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The widespread adoption of wikis in both business and higher education is a testament to the collaborative value of wiki technology. However, wiki collaboration does require a broader set of skills than traditional business communication requires. It also requires a different approach to communication, one in which the authorial “me” is superseded by the collaborative “us.”

Evaluating, editing, and revising the work of other writers

Before getting your students started on wiki projects, it’s a good idea to offer some coaching in evaluating, editing, and revising the work of other writers. These tips are helpful in a variety of communication situations, of course, but they’re essential for wiki collaboration.
Before making substantive changes to an article, students should consider the following questions:

What is the purpose of this article? Editing or revising without knowing what the writer hoped to accomplish runs the risk of making the piece less effective, not more.
Who is the target audience?
What information does the audience need?
Does the article provide accurate, relevant, and complete information in a well-organized way?
Does the writing demonstrate the “you” attitude toward the audience?
Is the level and tone of the writing appropriate for the audience?
Can the readability be improved?
Is the writing clear? If not, how can it be improved?
Is the writing as concise as it could be?

Adapting to the wiki environment

Students can improve their wiki collaboration skills by keeping these points in mind:*

Let go of traditional expectations of authorship, including individual recognition and control.
Understand the expectations for adding new pages. For instance, is it acceptable to add pages that are still rough or incomplete, or does the community expect new pages to be close to final quality?
Find and follow the wiki’s guidelines for helping new contributors integrate their work into the group’s ongoing effort.
Encourage all team members to improve each other’s work.
Learn how to use page templates and other formatting options to make sure your content’s format matches the rest of the wiki.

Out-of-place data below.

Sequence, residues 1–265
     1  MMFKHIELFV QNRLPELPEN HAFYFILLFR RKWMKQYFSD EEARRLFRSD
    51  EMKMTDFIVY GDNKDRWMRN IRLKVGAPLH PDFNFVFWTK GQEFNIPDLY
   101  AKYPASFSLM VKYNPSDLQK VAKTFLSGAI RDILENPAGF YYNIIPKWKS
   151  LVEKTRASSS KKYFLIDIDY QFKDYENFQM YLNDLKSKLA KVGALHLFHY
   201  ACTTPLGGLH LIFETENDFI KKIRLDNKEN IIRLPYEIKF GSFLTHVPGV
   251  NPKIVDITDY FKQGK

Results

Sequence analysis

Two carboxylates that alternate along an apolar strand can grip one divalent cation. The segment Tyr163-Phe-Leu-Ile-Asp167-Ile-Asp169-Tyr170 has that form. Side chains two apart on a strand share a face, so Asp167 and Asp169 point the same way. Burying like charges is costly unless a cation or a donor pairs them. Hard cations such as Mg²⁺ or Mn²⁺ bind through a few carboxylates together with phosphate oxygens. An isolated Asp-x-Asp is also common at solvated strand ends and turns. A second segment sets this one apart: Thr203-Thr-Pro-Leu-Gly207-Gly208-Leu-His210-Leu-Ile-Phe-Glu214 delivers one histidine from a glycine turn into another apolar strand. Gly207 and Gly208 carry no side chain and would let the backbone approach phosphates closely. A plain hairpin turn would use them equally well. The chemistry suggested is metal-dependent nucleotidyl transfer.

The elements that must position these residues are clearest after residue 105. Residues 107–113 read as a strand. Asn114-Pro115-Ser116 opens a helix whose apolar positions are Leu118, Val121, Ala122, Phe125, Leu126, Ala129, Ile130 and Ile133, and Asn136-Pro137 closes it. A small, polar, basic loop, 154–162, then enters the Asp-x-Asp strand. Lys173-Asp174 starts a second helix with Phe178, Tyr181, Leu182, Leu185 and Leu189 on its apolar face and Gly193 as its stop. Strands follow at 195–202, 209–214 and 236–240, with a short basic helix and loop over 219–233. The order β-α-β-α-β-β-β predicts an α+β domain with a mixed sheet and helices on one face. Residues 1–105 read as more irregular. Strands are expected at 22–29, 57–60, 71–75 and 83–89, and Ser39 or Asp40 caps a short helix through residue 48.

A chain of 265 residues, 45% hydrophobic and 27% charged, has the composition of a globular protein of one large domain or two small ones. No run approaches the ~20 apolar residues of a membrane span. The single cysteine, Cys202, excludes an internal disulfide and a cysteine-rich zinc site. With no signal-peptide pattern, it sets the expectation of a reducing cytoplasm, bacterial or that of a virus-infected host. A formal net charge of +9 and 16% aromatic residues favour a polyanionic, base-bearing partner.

Use the separate editing and discussion capabilities appropriately.
Take advantage of the sandbox, if available (this is a “safe,” nonpublished section of the wiki where team members can practice editing and writing).

Using the Bovée/Thill wiki simulator

You can give your students the opportunity to develop wiki skills in a secure, confidential environment. The unique Bovée/Thill wiki simulator lets students practice evaluating and revising wiki articles using a real, live wiki editor. Unlike a conventional wiki, however, this system saves each student’s work separately and privately so that you can evaluate his or her ability to assess an article with numerous built-in flaws and make the corrections needed to improve readability and achieve the “you” attitude.

Here are two wiki exercises that use the simulation, a simpler one-paragraph article and a more-challenging full-page article.
Exercise 1
Exercise 2

Also, you may find this report from the University of Delaware on wiki usage in higher education helpful as you plan and manage wiki projects. It offers some thoughtful advice on grading strategies, wiki etiquette, and other important considerations.

We would enjoy hearing your thoughts and experiences on wiki usage in business communication courses.

*Adapted from “Codex: Guidelines,” WordPress website [accessed 13 July 2010] http://wordpress.org; Michael Shanks, “Wiki Guidelines,” Traumwerk website [accessed 13 July 2010] http://metamedia.stanford.edu/projects/traumwerk/home; “Help,” Wikimedia Meta Wiki [accessed 13 July 2010] http://meta.wikimedia.org/wiki/Help:Contents.